I swam a lot as a child. My father is a very good and very keen swimmer and he would take me, my sister and brother every Sunday morning whilst my mother prepared the hallowed Sunday Lunch. I guess I always assumed that he took us swimming purely for the love of the sport and his desire for us to share this and learn an important skill. But now as the mother of two boisterous boys who go swimming with their father every weekend, the cynic in me sees the truth.
My mother just wanted a few glorious hours to herself, peeling spuds and listening to the radio. I too revel in this time alone whilst my boys practise drowning each other and catching verrucas in the local pool. They return completely waterlogged, exhausted, starving and ready to inhale some lunch and then have some quiet time, and they don’t even need a bath before bedtime… what’s not to like?
I now see why swimming was so important to our family growing up and why in fact it may be the only thing that has kept me sane over the past few difficult years! I have swum to keep myself both sane and fit, and my husband takes my children swimming for the very same reasons.
I swim alone two or three times a week at our local and very unglamorous public swimming pool. The changing rooms are unisex and always smell of drains and mouldy swim suits (but are spotlessly clean I hasten to add) and the pool is always littered with people who seem intent on doing anything except swimming. BUT I must tell you that without this haven I would have run away or been put in a funny farm long ago.
There is an amazing, council-subsidised, crèche at the pool where I place my two boys for the grand price of £3 an hour each. Getting out of the house on time for our allotted hour has its own challenges as any mother knows. The walk to the pool presents other challenges, with one child on a scooter and then other rigid and deafening with fury as he tries to escape the straps of his buggy.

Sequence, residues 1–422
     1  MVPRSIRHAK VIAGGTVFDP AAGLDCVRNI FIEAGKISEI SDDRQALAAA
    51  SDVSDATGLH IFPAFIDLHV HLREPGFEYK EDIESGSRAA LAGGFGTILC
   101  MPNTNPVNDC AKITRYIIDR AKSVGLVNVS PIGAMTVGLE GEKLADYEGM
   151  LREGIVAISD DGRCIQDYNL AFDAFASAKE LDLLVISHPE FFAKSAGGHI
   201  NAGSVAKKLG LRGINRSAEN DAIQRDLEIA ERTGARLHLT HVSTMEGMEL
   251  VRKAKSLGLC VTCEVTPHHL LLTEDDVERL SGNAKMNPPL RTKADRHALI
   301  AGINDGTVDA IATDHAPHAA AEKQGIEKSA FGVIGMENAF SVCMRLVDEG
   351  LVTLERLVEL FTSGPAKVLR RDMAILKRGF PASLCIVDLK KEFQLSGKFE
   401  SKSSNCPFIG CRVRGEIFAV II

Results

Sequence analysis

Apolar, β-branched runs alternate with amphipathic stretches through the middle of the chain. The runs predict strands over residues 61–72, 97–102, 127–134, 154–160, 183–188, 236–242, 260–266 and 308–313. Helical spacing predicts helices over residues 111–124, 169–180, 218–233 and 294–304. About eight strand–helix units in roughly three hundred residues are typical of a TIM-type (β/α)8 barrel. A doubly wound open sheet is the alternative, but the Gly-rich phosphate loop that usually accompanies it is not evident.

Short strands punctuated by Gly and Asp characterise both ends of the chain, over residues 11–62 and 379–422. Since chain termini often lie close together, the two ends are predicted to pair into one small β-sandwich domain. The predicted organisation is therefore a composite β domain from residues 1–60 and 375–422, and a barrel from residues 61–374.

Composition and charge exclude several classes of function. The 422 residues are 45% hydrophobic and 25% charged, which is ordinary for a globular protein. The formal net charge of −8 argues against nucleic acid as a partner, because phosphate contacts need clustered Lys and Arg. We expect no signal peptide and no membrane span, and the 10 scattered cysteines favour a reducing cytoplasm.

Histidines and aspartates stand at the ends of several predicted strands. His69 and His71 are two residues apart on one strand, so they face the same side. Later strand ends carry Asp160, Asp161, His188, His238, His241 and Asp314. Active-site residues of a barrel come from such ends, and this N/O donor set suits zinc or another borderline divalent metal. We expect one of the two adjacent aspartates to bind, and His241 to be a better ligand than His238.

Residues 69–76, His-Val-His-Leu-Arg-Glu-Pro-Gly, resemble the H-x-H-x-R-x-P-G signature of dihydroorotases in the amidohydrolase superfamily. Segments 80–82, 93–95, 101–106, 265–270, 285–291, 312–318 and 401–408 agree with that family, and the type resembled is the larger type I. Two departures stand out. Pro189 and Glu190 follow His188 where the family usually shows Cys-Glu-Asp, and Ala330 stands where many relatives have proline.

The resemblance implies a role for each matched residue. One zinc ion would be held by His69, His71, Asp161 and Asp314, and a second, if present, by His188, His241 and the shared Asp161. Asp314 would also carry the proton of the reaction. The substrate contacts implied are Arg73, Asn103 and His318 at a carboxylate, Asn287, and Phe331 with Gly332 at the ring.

Even on the wettest, most arctic and miserable of days, when the thought of putting on a swim suit makes you shudder, it is all worth it when you get in the pool and start swimming. All the horrors of the sleepless nights, the tantrums, the poo, the sick, the spat-out food, the constant moaning and the ghastly monotony of it all suddenly seem insignificant.
I assume it is the same kind of feeling you get when you go for a run, or do a yoga class. It is an all-consuming feeling of relief and relaxation that immediately makes you feel like you can conquer the world. Nothing matters except putting your head down and kicking your legs and reaching your arms out infront of you. It is when I am swimming that I do all my thinking.
I make plans, for me, for my marriage, for my family, for my business, for my supper, for my life. I think about everything, and also nothing. But I do know that without it I might have gone mad. Raising two boys, less than two years apart has been the most testing thing I have ever done. There have been times where I have doubted myself, hated my life and wanted to sell the boys on Ebay. But swimming and the time it has allowed me to have alone has helped me to get through this tough time!
So swimming has become a focal point of not only my week, but also our weekends and any holidays we are lucky enough to take. Last summer we spent a week in Portugal with my parents and my sister’s family. Every morning, my father, sister and I would swim for about a mile in the Atlantic. It was pretty painful with a fuzzy head full of brandy and a tummy full of garlic prawns from night before, but it felt amazing and made my father so happy to be swimming with us by his side! Also, everyone knows, doing a few laps on holiday is a carte blanche for extra beers and ice creams!
And now I find myself training to Swim To Bestival. Yes, Bestival on the Isle of Wight!! I must swim across the freezing, choppy, murky Solent with 30 other people who I guess are all doing it for their own reasons.(maybe they cannot afford the ferry crossing) For me, it is an indulgent pursuit for sure, and a great excuse to be a little bit selfish and to spend a bit more time alone, training.
I also feel like perhaps things will be coming full circle because it is also an opportunity for me to raise funds for a charity that my father, the man who taught me to swim and to love to swim, is passionate about. He has led a number of trips out to Ethiopia to help train Midwives and health workers in emergency Maternity Care. An unacceptable number of women (1 in 21) in Rural Ethiopia die in pregnancy and childbirth, and with help from experts from developed countries we can help to give mothers and babies the chance the deserve.
If you would like to sponsor me the price of a victory pint of beer, I would be so grateful for any support… you can do so here!
So off I go to train in Tooting Lido (91 metres long and 14 degrees C) …but do not feel sorry for me, because as hideous as it might sound, sometimes it can be preferable to an afternoon at home with a tantruming three year old and a teething toddler.